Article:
Ep. 26: Sprouts Math Game

This is a really neat game invented in 1967 by two mathematicians that was soon after published in Scientific American, where it caught fire with people all over the world. It’s a very simple game with a lot of interesting mathematics in it, and all you need are two people, a pencil, and paper.

Download the student worksheet that goes with this lesson.

1. Draw two or three dots on the paper, spaced out a bit. They can really be anywhere you want.
2. The first player draws a line that two of the spots, and makes a new spot in the middle of the line. (You can make a line joining one spot to itself also.)
3. The second player draws her line and spot also, remembering these rules:
a. You can’t make a line that crosses another line.
b. Only three lines per spot, coming to or from it.
4. The winner is the last person to draw a spot!

1 Response to “Ep. 26: Sprouts Math Game”


  1. William J. McGruder

    Greetings!

    I thoroughly enjoyed your ‘cast about the Game of Sprouts. I have been playing the game for years (don’t recall where I first encountered it; it was either in Scientific American or more likely Games Magazine). When I was teaching in Incheon, South Korea, I showed my students how to play Sprouts. One afternoon, while I was playing one of the middle school students, his brother came up and said, “I think I’ve seen that game before; how’s it played?” Well, he was a Sprouts Shark! The “shark” was actually a champion player at the national level.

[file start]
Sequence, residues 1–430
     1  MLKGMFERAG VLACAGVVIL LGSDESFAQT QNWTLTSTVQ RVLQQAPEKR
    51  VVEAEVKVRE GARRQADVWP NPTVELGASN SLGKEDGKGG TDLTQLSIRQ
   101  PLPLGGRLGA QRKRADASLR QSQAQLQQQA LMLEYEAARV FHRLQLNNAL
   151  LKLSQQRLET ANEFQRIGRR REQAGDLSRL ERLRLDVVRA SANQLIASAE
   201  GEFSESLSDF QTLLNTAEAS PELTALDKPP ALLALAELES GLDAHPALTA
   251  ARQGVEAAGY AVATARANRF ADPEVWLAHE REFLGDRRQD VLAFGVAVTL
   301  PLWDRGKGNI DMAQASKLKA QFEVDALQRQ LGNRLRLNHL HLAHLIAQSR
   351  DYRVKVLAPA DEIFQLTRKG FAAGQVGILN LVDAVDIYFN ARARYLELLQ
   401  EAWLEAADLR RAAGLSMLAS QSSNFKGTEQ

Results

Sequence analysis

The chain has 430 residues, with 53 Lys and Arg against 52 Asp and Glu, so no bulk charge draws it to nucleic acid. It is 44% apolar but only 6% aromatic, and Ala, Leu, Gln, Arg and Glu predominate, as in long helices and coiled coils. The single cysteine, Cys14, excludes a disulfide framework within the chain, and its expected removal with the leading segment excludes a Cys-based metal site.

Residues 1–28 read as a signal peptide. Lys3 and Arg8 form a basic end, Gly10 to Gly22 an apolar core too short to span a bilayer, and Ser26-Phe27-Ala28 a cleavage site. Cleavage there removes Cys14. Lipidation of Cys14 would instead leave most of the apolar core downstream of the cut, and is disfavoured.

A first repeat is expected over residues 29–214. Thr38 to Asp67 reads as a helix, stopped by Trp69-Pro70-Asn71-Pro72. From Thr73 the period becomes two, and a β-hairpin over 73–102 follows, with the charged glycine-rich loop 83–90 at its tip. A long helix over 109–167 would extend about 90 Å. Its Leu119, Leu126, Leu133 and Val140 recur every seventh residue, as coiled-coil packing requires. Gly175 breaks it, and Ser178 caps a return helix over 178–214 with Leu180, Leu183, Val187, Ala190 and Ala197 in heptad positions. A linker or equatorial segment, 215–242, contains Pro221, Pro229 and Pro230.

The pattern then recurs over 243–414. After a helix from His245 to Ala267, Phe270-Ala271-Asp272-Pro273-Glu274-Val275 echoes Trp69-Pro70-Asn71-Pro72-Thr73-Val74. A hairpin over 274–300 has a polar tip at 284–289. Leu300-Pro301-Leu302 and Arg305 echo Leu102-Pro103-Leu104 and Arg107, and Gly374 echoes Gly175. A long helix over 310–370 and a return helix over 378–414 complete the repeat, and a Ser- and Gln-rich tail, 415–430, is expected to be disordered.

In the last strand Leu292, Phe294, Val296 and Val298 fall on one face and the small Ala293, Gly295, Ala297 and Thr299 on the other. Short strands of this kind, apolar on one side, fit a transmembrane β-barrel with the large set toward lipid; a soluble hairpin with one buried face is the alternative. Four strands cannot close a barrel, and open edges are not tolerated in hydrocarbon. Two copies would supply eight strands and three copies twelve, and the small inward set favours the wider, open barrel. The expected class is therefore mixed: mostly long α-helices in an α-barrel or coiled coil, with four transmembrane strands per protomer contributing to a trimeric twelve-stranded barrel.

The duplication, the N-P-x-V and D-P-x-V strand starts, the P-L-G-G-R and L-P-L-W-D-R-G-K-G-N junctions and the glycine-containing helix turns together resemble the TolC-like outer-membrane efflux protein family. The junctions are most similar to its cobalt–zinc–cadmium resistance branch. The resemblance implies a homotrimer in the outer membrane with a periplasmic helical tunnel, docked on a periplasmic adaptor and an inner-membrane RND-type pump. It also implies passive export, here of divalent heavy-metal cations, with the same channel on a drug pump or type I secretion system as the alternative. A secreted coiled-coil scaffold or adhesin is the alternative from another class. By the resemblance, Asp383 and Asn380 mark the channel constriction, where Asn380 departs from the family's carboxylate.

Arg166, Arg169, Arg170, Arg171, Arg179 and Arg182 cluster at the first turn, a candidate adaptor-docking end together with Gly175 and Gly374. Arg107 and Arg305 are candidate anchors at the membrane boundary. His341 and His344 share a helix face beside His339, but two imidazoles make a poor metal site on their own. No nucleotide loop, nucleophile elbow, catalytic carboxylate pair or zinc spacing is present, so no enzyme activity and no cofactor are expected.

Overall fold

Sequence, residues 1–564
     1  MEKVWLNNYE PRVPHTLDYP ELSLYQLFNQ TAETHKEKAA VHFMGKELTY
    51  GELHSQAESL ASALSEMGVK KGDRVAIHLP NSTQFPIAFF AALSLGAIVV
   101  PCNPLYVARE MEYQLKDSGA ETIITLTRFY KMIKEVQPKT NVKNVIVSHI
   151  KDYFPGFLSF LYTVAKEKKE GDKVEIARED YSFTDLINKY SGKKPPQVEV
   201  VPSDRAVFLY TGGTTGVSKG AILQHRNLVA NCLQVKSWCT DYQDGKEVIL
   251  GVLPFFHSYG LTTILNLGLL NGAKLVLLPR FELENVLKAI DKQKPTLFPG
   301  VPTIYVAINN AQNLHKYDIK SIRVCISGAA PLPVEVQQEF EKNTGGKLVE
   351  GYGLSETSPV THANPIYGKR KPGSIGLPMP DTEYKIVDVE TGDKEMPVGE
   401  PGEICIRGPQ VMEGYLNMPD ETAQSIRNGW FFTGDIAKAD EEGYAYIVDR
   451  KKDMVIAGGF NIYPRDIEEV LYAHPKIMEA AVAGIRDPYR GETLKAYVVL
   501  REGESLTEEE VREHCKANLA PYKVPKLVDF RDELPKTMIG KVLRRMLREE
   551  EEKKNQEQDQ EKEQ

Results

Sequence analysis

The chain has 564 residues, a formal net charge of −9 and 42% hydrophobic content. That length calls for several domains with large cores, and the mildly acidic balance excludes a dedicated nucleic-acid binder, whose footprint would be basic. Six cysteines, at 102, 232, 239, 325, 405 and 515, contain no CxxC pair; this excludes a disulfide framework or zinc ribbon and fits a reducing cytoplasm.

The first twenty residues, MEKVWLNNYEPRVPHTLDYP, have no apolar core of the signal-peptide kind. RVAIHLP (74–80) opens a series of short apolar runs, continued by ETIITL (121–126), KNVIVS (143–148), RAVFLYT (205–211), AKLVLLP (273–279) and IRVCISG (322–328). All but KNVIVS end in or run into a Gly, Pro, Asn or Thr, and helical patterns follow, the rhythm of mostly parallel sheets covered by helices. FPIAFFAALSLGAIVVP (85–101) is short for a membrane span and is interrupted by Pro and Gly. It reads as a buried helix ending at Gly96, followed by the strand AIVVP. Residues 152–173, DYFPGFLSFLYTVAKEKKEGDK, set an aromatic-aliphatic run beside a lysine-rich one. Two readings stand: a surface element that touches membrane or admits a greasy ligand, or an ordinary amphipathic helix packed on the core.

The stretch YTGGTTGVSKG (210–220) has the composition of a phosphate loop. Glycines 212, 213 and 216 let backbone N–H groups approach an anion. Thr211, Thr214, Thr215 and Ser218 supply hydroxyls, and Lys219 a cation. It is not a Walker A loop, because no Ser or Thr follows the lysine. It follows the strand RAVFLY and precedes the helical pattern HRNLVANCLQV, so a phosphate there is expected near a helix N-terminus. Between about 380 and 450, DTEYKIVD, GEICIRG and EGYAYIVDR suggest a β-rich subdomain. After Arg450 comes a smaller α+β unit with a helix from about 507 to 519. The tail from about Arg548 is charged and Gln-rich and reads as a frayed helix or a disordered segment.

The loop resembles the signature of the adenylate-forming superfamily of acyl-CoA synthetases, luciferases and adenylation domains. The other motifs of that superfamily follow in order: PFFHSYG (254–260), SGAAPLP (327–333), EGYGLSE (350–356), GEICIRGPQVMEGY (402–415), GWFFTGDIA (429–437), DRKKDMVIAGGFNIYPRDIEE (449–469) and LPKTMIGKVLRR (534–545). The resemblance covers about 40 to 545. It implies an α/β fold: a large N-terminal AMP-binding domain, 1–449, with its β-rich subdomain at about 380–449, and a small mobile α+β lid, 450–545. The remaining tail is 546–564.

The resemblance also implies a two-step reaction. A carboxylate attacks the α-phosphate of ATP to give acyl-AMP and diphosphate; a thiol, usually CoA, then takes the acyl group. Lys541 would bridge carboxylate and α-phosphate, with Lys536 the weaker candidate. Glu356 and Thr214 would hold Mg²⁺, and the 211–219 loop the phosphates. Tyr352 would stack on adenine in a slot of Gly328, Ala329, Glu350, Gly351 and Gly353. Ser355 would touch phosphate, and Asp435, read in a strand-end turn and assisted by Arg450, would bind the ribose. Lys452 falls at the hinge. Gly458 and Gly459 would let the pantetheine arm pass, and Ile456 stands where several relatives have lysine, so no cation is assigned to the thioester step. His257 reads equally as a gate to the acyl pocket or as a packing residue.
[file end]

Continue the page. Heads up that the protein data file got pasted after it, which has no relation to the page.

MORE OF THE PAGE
There are a couple of different ways to play, though, basically the same but with important rule differences. The standard game is as you described in the ‘cast. There is also “misere” or “losing game” in which you win by making the opponent have the last possible move. Another variation is called “Brussels Sprouts” in which crosses (x or +) are used instead of dots, meaning each topological point can have four, vice three, line endings touching the point or cross.

    I am now teaching at an international high school in Beijing, China and have shown both my students and the math teachers how to play. A couple of the teaches have even incorporated the game into their lessons. I think the students would enjoy seeing more of your ‘cast on the subject of Sprouts variations if you were to make one, not to mention other pen and pencil math games such as Lines & Boxes or Nim. Would you consider that?

    I just discovered your videos and websites today. Great job!

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